It’s late spring/early summer in the Northern Hemisphere which means snakes and other reptiles are once again active. This past week, I had multiple encounters with beautiful snakes in my sister’s yard here in North Carolina where I’m visiting. Of course, I do realize not everyone shares my love of nature or my fascination with snakes. Some of you are surely cringing right now at the mere thought of being greeted by a snake outside your door, especially a surprise visit because you had forgotten to be aware of them.
My sisters and I agree (as snake experts recommend) with letting the harmless snakes, such as the Black Racer, have free reign outside because they control rodent populations and actually keep poisonous snakes away from the house. I have some friends who say the only good snake is a dead snake. However, I think those feelings are a result of not fully understanding how snakes fit into the ecosystem.
Growing up on a farm in the American South, hot summers and an abundance of trees and grasses rewarded this curious child with plenty of wildlife encounters. The occasional sighting of a fox, as well as the more common sightings of deer, skunks (phew!), possums, raccoons and a variety of snakes and other reptiles, taught me from an early age that humans aren’t the only intelligent and inquisitive creatures on the planet.
Snakes are our friends 🙂
From these encounters, I developed a fascination with snakes, as well as a healthy respect for these shiny, slithering critters. Here’s a simple way of viewing their benefits to humans as part of the ecological chain: small rodents, which are a favorite food of most snake species, can be carriers of flea and tick-borne diseases. Remember the Black Plague from the European Middle Ages and the millions of deaths caused by rodents entering houses where their fleas would bite the residents and infect them with this often-fatal bacteria?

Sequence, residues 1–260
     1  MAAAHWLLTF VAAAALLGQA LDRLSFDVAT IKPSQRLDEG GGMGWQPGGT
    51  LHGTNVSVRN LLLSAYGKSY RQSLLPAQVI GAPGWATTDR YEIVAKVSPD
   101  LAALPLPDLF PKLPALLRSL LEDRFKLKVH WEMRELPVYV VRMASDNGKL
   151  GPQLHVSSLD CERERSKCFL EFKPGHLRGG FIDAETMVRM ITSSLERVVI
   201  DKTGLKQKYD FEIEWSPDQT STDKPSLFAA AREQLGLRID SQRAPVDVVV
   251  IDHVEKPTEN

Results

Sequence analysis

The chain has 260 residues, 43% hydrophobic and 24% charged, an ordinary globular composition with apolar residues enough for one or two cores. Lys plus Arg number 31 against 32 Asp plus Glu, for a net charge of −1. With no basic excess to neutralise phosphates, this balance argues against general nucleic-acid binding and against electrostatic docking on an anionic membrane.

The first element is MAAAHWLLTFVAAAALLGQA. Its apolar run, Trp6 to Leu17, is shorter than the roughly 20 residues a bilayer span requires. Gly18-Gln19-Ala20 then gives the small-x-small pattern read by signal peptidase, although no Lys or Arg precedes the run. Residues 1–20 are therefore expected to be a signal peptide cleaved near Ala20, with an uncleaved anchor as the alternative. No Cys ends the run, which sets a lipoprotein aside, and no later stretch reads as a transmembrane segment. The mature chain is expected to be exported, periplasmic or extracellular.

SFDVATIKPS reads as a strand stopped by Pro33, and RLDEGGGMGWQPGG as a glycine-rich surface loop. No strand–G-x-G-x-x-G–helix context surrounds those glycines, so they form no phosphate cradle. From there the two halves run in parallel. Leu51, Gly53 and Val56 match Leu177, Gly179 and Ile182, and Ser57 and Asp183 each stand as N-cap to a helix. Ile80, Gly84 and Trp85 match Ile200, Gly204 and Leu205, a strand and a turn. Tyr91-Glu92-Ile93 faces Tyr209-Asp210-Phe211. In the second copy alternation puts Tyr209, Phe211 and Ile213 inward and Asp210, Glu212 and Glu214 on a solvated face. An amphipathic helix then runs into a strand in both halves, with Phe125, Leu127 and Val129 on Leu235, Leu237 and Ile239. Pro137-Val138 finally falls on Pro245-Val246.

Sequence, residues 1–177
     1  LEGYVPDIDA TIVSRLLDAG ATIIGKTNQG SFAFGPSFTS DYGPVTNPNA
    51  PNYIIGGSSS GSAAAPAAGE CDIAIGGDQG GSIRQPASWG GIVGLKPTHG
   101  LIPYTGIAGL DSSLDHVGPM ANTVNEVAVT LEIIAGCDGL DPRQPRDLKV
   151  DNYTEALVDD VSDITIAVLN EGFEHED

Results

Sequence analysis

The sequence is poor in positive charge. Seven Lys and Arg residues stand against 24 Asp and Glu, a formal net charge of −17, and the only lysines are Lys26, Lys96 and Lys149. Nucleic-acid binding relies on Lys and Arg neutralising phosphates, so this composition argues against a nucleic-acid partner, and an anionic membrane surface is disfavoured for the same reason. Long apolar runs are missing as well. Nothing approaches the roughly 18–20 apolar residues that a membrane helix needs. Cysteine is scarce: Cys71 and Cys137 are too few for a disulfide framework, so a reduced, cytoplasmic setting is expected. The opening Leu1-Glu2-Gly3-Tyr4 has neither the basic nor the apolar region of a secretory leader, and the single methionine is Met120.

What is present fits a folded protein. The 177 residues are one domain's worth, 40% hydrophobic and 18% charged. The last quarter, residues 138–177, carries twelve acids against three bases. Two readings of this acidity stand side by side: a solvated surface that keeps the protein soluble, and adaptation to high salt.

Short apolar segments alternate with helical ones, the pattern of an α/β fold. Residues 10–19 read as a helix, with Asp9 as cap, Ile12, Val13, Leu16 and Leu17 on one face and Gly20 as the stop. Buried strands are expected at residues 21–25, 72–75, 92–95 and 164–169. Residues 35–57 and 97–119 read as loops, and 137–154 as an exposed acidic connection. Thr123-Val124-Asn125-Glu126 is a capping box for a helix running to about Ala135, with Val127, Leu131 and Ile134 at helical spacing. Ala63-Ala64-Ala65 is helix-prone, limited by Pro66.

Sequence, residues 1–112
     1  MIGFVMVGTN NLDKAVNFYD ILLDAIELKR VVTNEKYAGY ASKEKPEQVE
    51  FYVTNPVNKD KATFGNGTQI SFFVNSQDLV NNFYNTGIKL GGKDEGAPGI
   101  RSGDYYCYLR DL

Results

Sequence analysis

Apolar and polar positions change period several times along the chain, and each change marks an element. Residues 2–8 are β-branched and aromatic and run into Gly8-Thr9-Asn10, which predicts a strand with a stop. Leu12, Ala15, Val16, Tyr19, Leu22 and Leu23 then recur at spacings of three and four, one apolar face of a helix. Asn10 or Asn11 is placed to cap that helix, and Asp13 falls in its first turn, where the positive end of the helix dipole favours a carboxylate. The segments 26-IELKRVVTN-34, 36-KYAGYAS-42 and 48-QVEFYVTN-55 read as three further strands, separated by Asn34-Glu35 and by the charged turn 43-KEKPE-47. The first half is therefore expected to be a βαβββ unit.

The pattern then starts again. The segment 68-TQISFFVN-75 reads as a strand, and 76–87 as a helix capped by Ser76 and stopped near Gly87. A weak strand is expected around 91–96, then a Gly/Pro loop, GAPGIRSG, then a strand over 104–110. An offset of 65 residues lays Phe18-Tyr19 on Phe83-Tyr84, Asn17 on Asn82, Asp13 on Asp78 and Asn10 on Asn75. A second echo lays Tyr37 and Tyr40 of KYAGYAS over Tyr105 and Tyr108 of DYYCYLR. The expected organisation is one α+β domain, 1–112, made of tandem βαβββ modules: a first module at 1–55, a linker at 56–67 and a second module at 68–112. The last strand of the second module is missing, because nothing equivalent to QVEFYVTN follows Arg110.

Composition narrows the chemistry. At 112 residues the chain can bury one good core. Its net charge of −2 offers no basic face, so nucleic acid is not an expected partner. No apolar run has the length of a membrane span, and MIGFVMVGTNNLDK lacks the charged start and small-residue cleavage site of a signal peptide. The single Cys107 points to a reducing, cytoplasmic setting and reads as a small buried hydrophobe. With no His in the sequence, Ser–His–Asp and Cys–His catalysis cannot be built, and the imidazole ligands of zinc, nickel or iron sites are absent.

Snakes, which can be both predator and prey, limit the rodent population, and in so doing, become a natural form of disease prevention. Not that being a benefit to humankind should necessarily determine the value of any living organism.
Of all the encounters I had with wildlife as a nature-loving child, none were more interesting than the snakes which crossed my path. And before you ask, NO, I’ve never kept a snake or any other wild animal captive. I’ve always preferred viewing creatures in their natural habitat. While snakes may look adaptable, being reptiles who cannot regulate their own body temperature makes them one of the species most vulnerable to Global Warming.